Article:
*two-dimensional plots only, only works with enmtools.model objects, offer void in Nebraska
With a new function that I just uploaded last night, you can take any enmtools.model object and a set of environment layers, and you can visualize the response of your model to those two layers. Cool, huh? Check this out:
allogus.glm = enmtools.glm(pres ~ layer.1 + layer.2 + layer.3 + layer.4, allogus, env)
env.plots = visualize.enm(allogus.glm, env, layers = c("layer.1", "layer.2"))
The first plot shows us the predicted suitability in environment space for two variables (layer.1 and layer.2), while holding the remaining variables constant at their mean value across all presence points. Here's that GLM:
OH GOD THAT'S APPALLING. It does make sense given our geographic projection of the model, though - many occurrence points have low suitability scores. So what happened? The second plot gives us some insight.
The colored background here shows us the relative density of our background points in environment space. And this really points up one of the most significant conceptual things about ENMs that is worth having a good think about: presence/background methods are trying to estimate a function that distinguishes your occurrence points from your background points. Many of the occurrences for this species are very similar to the distribution of background data. As a result of this, these models tend to emphasize occurrences that happen in areas of environment space that are under-represented in the background. The model is essentially being "pulled" towards those points that occur in the black/purple areas of the background density plot, and as a result it tends to extrapolate heavily into areas of environment space in the bottom left. Where, it should be noted, we have no data of any sort. Yikes.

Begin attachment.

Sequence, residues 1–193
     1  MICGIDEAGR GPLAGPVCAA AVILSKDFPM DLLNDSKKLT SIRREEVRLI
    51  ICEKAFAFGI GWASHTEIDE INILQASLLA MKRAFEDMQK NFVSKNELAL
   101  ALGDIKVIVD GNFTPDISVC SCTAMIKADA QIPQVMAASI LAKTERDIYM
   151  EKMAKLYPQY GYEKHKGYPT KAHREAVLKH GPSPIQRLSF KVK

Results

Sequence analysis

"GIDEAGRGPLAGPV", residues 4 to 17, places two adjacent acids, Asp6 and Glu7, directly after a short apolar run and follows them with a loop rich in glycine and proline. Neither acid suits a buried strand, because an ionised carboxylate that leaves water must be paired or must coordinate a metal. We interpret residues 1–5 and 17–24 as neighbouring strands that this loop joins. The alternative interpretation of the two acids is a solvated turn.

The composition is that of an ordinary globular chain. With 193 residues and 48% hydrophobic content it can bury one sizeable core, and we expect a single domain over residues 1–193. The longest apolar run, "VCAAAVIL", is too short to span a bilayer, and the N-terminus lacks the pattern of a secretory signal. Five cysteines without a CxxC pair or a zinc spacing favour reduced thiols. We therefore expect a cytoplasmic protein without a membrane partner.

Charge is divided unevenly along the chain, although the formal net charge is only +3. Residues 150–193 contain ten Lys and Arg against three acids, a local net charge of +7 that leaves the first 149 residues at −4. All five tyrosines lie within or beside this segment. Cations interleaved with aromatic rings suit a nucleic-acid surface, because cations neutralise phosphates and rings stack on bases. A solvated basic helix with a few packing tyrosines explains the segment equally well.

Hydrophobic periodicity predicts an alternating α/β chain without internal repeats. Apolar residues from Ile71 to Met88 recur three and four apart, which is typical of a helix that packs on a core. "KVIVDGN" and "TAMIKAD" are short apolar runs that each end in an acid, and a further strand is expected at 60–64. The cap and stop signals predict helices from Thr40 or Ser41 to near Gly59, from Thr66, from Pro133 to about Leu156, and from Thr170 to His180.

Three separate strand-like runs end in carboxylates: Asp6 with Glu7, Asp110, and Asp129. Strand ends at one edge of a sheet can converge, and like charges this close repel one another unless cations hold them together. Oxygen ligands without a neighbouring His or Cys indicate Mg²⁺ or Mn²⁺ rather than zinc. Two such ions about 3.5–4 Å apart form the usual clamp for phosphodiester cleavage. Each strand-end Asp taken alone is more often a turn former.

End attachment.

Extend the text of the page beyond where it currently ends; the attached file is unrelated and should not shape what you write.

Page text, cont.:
Cathy Newman asked via Twitter whether there were any of these plots that don't look funky, and the answer so far is "not many"! For Bioclim and Domain models you often get something that looks fairly reasonable, even though the geographic prediction may not be great. For example, here's a Domain model for another species:
Doesn't look as insane in environment space as that GLM up there, but as you can see the predicted habitat suitability is not a great reflection of the species' distribution. Which one of those models is more believable and/or useful is a very good question that I'm not going to delve into just now. I do think these plots are really useful and interesting for thinking about the modeling process, even though what they usually tell us is that our pretty maps are often associated with shockingly weird estimates of the underlying ecology.
All of the above is in the current version of ENMTools on GitHub. It does only work with enmtools.model objects, so you're going to need to walk through how to build those first. There's a nice readme on the GitHub landing page that should explain a lot.
Side note: the limits of the x and y axes are set by the max and min for each layer in the environmental layers you provide. If you want to zoom in, you can add xlim and ylim arguments after the fact. For instance, to zoom into the first environment space plot up at the top there, we could do:
env.plots$suit.plot + xlim(c(1500,3000)) + ylim(c(900, 2100))